And yes, I found more snails. This went on, day in day out for two weeks until I had another snail bowl full of the little buggers! It was time for drastic measures. I threw out everything in the fish tank except the fish. Replaced all toys and sand with new. Cleaned the filter meticulously. And sat back to look at my snail free tank.

Last night for the first time in weeks, I slept well. Secure in the knowledge I'd won the war.

I just looked in my tank and there are two baby snails. I swear they're laughing at me. My eye is beginning to twitch. My normally cheery disposition has long gone. The peace the tiny tank was supposed to bring is shattered. I'm losing the war. The snails are winning.

The new clean tank with the two bloody snails circled!

I don't know where they come from. I don't know how they get in there. All I know at this point is that I hate snails. With every fiber of my being, I hate snails. And I will prevail. They can't keep me down for long. I will bounce back and I will win this war - even if it takes a three liter bottle of bleach to do it, because I no longer want to save the little buggers and free them in the stream.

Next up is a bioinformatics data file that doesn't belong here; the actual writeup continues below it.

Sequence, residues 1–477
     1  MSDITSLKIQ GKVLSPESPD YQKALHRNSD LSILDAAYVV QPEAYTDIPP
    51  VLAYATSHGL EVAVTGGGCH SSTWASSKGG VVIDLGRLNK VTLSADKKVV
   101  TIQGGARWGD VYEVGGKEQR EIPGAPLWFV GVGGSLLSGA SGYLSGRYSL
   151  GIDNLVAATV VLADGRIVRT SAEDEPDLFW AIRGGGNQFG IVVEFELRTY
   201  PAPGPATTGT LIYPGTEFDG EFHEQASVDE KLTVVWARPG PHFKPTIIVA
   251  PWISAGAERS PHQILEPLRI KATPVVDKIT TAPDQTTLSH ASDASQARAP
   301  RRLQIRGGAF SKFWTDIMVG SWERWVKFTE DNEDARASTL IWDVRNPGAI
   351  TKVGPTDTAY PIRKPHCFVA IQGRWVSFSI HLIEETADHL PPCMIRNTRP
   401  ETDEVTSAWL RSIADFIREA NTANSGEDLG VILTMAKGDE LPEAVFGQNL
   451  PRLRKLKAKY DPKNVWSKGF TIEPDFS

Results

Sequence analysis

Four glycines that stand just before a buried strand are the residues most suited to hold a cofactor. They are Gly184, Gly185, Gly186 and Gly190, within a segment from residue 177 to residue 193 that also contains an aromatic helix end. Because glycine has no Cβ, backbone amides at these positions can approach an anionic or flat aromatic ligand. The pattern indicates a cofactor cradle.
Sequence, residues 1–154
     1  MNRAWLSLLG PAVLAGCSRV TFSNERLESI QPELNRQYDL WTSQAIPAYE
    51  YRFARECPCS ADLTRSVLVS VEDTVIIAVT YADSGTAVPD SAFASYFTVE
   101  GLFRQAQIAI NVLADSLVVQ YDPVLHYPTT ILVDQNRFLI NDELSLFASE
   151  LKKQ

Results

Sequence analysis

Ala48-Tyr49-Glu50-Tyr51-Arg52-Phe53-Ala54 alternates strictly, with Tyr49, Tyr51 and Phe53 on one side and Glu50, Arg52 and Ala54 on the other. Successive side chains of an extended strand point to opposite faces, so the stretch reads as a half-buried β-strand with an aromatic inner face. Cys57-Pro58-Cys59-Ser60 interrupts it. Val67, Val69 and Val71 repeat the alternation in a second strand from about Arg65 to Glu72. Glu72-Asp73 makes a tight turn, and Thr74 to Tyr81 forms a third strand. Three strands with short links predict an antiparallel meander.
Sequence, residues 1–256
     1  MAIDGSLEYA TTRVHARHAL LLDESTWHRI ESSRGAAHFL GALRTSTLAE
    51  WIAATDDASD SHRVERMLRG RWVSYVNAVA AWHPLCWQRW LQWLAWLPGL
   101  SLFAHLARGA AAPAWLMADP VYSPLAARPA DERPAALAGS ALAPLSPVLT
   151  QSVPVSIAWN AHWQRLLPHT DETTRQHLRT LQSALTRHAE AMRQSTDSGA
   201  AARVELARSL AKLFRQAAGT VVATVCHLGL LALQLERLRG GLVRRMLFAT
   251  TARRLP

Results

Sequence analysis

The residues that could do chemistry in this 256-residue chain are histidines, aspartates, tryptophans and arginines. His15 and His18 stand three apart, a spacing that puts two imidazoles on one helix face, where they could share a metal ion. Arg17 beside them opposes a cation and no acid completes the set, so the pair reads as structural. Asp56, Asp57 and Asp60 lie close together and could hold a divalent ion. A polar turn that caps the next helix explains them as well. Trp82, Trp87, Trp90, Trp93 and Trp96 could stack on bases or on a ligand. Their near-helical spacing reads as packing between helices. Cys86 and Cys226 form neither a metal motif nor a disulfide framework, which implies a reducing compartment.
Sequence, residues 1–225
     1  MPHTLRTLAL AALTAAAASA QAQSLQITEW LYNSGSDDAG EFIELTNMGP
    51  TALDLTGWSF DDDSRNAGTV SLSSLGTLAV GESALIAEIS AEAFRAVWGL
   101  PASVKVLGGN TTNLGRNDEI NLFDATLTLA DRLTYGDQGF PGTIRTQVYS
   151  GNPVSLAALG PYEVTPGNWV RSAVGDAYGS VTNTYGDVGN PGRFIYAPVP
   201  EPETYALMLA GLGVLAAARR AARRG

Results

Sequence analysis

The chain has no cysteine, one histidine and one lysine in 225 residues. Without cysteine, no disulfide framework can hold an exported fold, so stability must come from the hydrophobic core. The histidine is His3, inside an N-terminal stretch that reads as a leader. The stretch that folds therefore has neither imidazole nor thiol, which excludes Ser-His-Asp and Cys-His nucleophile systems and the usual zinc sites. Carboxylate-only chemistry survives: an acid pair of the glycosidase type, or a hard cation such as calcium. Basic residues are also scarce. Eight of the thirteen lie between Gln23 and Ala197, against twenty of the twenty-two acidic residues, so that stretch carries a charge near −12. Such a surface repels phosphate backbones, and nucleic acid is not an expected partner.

No, now I want to annihilate them.

Saturday, 19 March 2016

Walking in Scotland - how not to do it

I just read that the new walking path, John Muir Way, celebrated its first birthday this week. The path goes from the west coast to the east coast of Scotland. That's 134 miles of stunning Scottish countryside. It takes roughly a week to do the walk. And I have NO plans to do it. Ever!

Loch Lomond - you can sing the song as you walk past it...
The reason I'm anti-walking in Scotland is experience. Years ago, my husband and I decided to walk the West Highland Way. The route goes from Glasgow to Fort William and is ninety-six miles long. It normally takes about 5-7 days to walk the route, although my over achieving sister ran the damn thing in about 20 minutes. (I can't remember exactly how fast she did it, it gets shorter every time I think about it.)